NIFL-ASSESSMENT 2005: [NIFL-ASSESSMENT:928] RE: separate rubric

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From: Howard Dooley (hdooley@riral.org)
Date: Tue Feb 22 2005 - 22:49:35 EST


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From: "Howard Dooley" <hdooley@riral.org>
To: Multiple recipients of list <nifl-assessment@literacy.nifl.gov>
Subject: [NIFL-ASSESSMENT:928] RE: separate rubrics for ESOL and ABE
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Shauna --

The NRS guidelines state:  " The functional level descriptors describe
what a learner entering that level can do in the areas of reading and
writing, numeracy, speaking and listening and/or functional or workplace
skills. The
local program need not assess the learner in all areas, but the
assessment should be in the areas in which instruction will be focused.
If the learner is functioning at different levels in the areas, the
lowest functioning level should be the basis for initial placement."

My statement was that writing is not an area in which instruction is
focused at that level, and hence we are not required to assess it with a
uniform, standardized assessment.

Your email seemed to state that a learner must be assessed with a
standardized instrument in all instructional areas to determine the
entering functional level.  This is not true.  For another example, at
the High Intermediate ABE and Low Secondary ASE Levels, my program
provides separate Mathematics classes.  In these classes, we only assess
using the CASAS Life Skills Mathematics assessment.  Any other
assessments would not only be irrelevant, but disruptive to the
instructional process -- as well as damn annoying to the teachers and
learners!

Howard

>From the NRS Implementation Guide, pp 13 and 18:
Outcome Measures
Core Outcome Measure #1: Educational Gain
Definition: Learner completes or advances one or more educational
functioning levels from starting level measured on entry into the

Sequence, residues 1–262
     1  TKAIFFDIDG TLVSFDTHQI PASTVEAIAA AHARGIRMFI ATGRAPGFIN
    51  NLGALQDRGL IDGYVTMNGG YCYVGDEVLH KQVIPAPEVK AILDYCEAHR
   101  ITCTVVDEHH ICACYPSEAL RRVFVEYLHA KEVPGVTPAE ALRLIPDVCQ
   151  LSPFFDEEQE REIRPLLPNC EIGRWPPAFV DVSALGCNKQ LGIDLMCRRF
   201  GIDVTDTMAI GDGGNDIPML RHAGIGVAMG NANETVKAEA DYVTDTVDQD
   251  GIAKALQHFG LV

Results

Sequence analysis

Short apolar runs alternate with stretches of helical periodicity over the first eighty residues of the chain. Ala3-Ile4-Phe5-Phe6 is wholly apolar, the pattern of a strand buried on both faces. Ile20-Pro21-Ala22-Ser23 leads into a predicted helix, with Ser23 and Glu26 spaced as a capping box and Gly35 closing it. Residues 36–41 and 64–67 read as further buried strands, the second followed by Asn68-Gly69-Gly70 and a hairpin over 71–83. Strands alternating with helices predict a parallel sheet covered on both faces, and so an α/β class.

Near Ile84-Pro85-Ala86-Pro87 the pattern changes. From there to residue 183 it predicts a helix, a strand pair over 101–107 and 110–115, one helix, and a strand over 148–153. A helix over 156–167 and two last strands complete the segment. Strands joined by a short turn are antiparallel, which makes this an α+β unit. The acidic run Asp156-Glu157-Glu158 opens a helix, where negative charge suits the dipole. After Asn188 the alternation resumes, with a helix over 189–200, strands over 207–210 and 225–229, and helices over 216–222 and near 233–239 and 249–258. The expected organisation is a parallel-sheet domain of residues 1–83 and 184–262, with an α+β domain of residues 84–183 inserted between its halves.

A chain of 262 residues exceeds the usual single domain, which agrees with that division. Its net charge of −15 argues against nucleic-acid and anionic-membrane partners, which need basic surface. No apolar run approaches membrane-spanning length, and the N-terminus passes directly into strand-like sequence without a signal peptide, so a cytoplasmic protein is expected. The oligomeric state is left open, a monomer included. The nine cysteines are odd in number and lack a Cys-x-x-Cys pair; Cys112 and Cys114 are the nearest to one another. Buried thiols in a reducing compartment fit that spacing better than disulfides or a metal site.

program. The following tables provide entry-level descriptors for the
educational functioning levels. (Table excluded)
Applicable Population: All learners.
Collection Procedure: At intake, an individual learner's educational
functioning level is determined within the functional level descriptors,
using a uniform, standardized assessment procedure approved by the
state. The assessment procedure may be a standardized test or a
performance assessment with standardized scoring protocols. (Note that
learners designated as workbased project learners need not be assessed
in this way, as explained in Chapter I and in the definition in this
chapter).
The functional level descriptors describe what a learner entering that
level can do in the areas of reading and writing, numeracy, speaking and
listening and/or functional or workplace skills. The local program need
not assess the learner in all areas, but the assessment should be in the
areas in which instruction will be focused. If the learner is
functioning at different levels in the areas, the lowest functioning
level should be the basis for initial placement. Test benchmarks are
provided for each level as examples only and these tests do not need to
be used when assessing the learner.
To determine gain, the learner should be assessed again at least once
after a standard, instructional period, at the end of the class or at
the end of the program year, as determined by state policy. If more than
one assessment is given, the latest assessment should be used to
determine completion or advancement. An "advance" or "completion" is
recorded if, according to a subsequent assessment, the student has entry
level skills corresponding to one or more levels higher than the
incoming level in the areas initially used for placement. The lowest
functioning level should again be used to make this determination.



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